Presenting| Mr. Jemedari

Kenyan hiphop has been for a while been downplayed and graced with controversy from one reason to the next.

However, in the recent past the current generation has in one way or another tried to push away this perception. From their branding, performances and even presentation.

Last year, at the bomblast memorial concert held at memorial park, I happened to be a witness to this new age development and I was amazed. The artist in question this time happened to be none other than Jemedari.

First of all his performance is an actual full live set, complete with a band backing him up. If that doesn’t sell to you he’s also the brains behind suits and mics. This is an event tailored toward cleaning up the image of the hiphop industry in Kenya.

With a resume like that I couldn’t pass up the chance to get to know him better and introduce him to you guys.

Your fans know you as Jemedari but what’s your official name and could you tell us a little bit about your background?

Naitwa Joseph Wambua. I was born in nairobi but I have been raised in Coast and Nakuru. Lakini I lived in Nakuru for the majority part of my life.

Why the stage name Jemedari?

I originally wanted to be in the army. This is because most of my relatives were in the army and I really looked up to them. Lakini height ikanikataa so ilibidi nichange. So basically the name Jemedari came from this desire.

How did you start out your musical journey?

I used to perform solo-verses in high school and campus. Later on, I started doing poetry and hiphop verses and even managed to perform at Wapi.

Who are some of your inspirations?

Kenyan or globally?

Both.

Well, globally, there’s Ryan Leslie, Busta Rhymes, Tech N9ne, Pac and Talib Kweli. Locally I look up to E-sir, Poxi Presha and Ukoo Flani. Basically I look for story tellers.

I have seen your performances and they’re awesome. What’s your work ethic?

All the time, everywhere. Nkipata inspiration I write. I also try to focus on real life issues. Things that affect us on a daily basis.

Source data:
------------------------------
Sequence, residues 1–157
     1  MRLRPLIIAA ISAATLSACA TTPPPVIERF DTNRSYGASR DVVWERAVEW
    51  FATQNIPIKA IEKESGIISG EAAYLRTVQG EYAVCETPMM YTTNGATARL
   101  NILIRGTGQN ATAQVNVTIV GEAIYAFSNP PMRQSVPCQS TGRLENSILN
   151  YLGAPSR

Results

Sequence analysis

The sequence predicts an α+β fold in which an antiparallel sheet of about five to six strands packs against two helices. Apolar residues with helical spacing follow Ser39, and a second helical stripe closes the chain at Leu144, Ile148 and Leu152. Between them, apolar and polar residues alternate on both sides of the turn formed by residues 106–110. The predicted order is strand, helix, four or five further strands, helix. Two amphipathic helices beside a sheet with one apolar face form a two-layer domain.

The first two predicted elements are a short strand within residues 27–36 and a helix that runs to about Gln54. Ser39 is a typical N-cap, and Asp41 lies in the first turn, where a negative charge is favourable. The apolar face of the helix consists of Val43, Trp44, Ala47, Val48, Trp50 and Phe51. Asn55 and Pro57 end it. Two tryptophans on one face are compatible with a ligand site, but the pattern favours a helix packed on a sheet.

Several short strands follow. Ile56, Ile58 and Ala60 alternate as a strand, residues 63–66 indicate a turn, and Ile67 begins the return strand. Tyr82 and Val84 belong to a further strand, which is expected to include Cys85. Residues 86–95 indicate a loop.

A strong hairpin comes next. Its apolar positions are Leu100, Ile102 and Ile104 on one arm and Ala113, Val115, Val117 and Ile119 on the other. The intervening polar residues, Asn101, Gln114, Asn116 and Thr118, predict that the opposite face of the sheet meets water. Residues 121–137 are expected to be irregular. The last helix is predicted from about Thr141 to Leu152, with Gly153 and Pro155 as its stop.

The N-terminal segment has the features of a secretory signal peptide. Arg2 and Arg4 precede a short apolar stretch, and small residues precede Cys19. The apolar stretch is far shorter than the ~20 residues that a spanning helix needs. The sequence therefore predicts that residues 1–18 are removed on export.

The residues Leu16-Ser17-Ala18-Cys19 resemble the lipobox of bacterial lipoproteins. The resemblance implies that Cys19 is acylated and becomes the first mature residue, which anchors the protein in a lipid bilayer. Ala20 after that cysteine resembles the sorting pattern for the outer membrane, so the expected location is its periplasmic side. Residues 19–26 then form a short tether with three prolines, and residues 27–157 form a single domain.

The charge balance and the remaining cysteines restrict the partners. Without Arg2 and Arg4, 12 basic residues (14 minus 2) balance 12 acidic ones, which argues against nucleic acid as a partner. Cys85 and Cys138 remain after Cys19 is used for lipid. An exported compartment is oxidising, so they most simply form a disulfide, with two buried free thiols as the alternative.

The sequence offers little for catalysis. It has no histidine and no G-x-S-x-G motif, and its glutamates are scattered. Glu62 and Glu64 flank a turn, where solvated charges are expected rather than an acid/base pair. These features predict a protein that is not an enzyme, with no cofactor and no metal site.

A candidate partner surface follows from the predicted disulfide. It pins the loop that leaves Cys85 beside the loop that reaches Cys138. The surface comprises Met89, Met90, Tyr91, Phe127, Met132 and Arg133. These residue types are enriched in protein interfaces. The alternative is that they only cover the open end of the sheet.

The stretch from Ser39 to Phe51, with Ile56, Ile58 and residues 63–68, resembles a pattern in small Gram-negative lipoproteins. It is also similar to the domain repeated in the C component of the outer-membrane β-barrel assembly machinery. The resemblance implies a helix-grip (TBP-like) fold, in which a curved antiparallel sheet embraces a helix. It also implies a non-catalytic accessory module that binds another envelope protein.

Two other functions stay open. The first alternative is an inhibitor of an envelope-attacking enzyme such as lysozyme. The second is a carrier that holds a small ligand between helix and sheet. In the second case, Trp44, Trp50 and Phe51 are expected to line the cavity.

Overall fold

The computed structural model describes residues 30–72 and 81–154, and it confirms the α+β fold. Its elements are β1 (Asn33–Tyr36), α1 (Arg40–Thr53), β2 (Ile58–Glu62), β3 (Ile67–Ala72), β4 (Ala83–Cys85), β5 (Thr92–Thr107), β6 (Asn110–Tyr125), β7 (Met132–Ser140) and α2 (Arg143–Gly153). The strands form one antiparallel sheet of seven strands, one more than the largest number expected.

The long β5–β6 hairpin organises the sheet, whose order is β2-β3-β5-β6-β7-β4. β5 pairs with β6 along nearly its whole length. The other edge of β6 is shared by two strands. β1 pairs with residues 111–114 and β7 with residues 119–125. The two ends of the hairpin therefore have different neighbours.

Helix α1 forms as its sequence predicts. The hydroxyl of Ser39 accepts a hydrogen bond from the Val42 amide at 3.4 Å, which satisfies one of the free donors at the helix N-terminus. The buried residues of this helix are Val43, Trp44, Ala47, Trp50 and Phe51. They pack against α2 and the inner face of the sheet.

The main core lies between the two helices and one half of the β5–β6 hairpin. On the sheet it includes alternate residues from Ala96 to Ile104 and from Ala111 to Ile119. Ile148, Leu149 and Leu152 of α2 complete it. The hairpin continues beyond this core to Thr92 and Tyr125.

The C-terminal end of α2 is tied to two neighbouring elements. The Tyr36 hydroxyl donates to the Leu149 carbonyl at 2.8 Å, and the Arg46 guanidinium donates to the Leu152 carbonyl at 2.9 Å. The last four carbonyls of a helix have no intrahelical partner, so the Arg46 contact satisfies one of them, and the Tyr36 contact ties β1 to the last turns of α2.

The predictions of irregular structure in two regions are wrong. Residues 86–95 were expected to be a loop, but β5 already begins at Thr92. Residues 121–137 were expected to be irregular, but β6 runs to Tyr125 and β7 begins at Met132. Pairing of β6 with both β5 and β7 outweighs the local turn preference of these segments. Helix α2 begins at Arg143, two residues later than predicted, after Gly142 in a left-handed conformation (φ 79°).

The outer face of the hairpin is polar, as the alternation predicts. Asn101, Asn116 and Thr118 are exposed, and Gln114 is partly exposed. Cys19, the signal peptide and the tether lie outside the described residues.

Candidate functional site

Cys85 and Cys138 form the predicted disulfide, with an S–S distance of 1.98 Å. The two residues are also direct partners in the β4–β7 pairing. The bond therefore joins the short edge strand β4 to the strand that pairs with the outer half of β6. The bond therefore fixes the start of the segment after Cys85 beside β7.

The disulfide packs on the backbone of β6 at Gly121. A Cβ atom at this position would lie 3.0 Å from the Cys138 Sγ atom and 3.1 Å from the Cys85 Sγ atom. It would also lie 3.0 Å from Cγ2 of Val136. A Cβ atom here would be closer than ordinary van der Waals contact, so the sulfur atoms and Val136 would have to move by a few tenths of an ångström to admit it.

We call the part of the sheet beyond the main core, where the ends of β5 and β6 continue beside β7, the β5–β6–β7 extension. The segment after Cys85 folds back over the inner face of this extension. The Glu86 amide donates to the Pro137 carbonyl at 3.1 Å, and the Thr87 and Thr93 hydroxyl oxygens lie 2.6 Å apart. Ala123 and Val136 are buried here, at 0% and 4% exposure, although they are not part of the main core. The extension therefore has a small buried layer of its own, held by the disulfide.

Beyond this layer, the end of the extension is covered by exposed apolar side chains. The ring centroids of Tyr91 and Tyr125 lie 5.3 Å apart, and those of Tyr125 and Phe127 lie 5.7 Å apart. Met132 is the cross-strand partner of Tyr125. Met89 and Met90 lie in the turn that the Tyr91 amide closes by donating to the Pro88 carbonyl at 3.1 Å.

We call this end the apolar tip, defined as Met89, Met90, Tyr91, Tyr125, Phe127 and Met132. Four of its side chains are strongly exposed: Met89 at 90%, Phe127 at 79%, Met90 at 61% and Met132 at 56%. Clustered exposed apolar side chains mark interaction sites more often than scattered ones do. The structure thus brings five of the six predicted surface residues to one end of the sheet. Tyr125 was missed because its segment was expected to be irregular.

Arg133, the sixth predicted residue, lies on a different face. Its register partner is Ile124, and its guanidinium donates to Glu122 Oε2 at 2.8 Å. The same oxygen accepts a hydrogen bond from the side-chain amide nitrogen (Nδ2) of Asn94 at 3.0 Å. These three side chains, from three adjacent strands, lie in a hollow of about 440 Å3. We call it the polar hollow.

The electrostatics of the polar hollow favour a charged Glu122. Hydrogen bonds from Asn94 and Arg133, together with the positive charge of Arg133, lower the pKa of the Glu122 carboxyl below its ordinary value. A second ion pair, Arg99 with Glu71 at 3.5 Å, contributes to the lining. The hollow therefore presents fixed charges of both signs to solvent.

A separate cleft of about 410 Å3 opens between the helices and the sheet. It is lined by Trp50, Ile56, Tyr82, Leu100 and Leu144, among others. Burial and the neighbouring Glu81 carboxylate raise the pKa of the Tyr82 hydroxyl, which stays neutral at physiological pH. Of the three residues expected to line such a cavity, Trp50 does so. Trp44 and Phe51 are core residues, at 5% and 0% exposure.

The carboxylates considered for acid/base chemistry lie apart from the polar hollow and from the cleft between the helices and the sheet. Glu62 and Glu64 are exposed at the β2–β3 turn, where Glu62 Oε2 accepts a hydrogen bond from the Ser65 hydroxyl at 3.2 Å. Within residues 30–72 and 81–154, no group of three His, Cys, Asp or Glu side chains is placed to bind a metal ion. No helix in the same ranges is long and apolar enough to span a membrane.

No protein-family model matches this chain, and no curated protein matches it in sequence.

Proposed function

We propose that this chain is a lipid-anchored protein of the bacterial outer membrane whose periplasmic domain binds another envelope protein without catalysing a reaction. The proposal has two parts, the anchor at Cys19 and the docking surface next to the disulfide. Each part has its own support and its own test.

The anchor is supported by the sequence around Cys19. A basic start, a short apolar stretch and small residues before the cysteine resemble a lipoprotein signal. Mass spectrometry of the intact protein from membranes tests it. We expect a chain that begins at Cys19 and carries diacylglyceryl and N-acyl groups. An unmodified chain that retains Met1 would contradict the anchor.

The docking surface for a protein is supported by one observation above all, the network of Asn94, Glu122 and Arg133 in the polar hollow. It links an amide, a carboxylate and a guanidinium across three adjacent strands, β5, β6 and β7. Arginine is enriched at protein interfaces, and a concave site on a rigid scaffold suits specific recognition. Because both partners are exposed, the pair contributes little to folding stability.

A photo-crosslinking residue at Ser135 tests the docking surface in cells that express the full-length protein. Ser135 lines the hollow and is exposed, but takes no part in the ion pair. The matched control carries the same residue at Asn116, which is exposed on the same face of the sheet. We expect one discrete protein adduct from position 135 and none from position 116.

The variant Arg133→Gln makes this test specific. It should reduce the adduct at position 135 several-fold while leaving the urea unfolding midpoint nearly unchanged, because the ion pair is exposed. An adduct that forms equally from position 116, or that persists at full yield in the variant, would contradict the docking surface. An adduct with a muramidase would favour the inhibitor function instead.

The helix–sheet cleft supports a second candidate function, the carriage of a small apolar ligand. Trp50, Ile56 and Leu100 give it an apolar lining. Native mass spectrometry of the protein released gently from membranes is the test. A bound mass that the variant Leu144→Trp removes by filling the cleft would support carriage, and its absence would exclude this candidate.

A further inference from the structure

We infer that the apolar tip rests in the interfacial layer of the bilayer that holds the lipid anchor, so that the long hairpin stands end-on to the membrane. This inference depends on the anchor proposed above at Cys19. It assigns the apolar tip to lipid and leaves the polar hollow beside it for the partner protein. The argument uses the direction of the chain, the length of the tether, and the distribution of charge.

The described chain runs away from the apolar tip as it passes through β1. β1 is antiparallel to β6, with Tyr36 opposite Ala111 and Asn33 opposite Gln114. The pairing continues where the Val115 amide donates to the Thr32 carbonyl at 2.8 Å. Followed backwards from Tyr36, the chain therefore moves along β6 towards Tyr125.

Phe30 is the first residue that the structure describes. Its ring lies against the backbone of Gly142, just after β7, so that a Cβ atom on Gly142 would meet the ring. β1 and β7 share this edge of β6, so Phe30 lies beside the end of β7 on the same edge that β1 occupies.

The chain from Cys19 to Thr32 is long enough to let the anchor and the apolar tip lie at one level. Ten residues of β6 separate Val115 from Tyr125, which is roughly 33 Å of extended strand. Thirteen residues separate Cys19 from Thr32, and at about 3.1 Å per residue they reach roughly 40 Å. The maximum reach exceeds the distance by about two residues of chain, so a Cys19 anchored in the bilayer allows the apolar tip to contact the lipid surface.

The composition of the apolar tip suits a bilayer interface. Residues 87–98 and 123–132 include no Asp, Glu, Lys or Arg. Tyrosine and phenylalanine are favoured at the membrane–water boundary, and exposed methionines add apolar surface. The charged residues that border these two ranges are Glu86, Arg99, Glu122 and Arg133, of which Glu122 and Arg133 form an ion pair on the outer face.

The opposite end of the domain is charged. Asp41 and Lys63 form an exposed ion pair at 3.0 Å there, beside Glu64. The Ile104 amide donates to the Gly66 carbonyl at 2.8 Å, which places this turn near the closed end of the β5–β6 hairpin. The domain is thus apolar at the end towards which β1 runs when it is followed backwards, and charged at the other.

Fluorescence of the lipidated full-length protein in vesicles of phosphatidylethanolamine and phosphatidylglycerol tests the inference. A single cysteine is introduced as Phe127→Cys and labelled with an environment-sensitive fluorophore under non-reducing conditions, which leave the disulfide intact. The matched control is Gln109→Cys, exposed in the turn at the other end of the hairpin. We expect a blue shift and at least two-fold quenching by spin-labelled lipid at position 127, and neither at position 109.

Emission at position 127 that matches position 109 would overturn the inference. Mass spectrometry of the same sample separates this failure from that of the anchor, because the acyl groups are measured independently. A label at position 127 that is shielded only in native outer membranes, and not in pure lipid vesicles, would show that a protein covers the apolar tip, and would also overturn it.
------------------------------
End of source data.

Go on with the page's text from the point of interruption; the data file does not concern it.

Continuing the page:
Still on the toic of performances, why a live set?

I feel like it adds value to the whole performance. My fans get to experience me  in full and my music.

Do you play any instruments?

Yes…I have been playing the bass guitar since high school. I also bought a saxophone 3 years ago but I am yet to pick it up.

I also noticed that you happen to be a chef?

Haha yes I do. However, that is a hobby. I picked it up when I started living alone now I do it for fun and once in a while for my friends.

So you have an album coming out this week(at the time of the interview it was yet to be released) called Kaya. What is it about?

The word Kaya is a coastal term that refers to a village. Therefore this project is an experiment meant to bring coastal sounds to hiphop. I am trying to fuse traditional sounds and modern hiphop.

Did you collaborate with anyone?

Yes I have a few talented acts in this project as well. There’s Chris Adwar, Dan Aceda, Fidel from Lé band, Abbih Nguma , Waithera and Miss Okinda from Gravitti Reggae.

To know more about this album and the launch event click here...

Speaking of which tell us a little bit about Suits and Mics.

This is a periodic event that happens at the Michael Joseph Centre where hiphop artists and poets come and perform dressed in suits. The aim is to clean up the image of hiphop.

How does one get on board and is there a specific requirement?

You just reach out to us through our social media handles or email and we’ll get back to you.

It’s open to all artists hatubagui. Kama unaweza we call you and you do a demonstration for us and if we consider you’re ready we give you the go ahead, if you still need some work we try to help as best as we can.

So far what are some of the sentimens you’ve picked up about the Kenyan industry whether positive or negative?

On the negative, it saddens me that I can’t work with everyone. It seems attitude and success go hand in hand.

On a positive note though, I didn’t expect to have this many collaborations. Milango zimefunguka hehe. (Doors have opened)

On the other hand, the Kenyan market is segmented. Every sound has a fan base and this translates to more opportunities for artistes.

What is your parting shot to any artist who wants to make it?

Writing and recording only carries 20%. Branding and networking determines the rest.

To keep on touch with Jemedari click below.

Twitter

 

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